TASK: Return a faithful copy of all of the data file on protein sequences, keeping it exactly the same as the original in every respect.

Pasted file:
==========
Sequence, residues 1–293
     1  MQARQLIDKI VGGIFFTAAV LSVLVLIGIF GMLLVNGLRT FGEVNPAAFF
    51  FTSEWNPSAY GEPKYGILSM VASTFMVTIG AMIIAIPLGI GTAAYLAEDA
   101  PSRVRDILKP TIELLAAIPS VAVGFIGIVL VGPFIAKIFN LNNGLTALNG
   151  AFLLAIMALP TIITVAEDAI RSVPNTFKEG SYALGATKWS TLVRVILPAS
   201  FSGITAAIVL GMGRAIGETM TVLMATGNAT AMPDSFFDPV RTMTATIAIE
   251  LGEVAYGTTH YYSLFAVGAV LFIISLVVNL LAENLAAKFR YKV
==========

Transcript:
Sequence, residues 1–293
     1  MQARQLIDKI VGGIFFTAAV LSVLVLIGIF GMLLVNGLRT FGEVNPAAFF
    51  FTSEWNPSAY GEPKYGILSM VASTFMVTIG AMIIAIPLGI GTAAYLAEDA
   101  PSRVRDILKP TIELLAAIPS VAVGFIGIVL VGPFIAKIFN LNNGLTALNG
   151  AFLLAIMALP TIITVAEDAI RSVPNTFKEG SYALGATKWS TLVRVILPAS
   201  FSGITAAIVL GMGRAIGETM TVLMATGNAT AMPDSFFDPV RTMTATIAIE
   251  LGEVAYGTTH YYSLFAVGAV LFIISLVVNL LAENLAAKFR YKV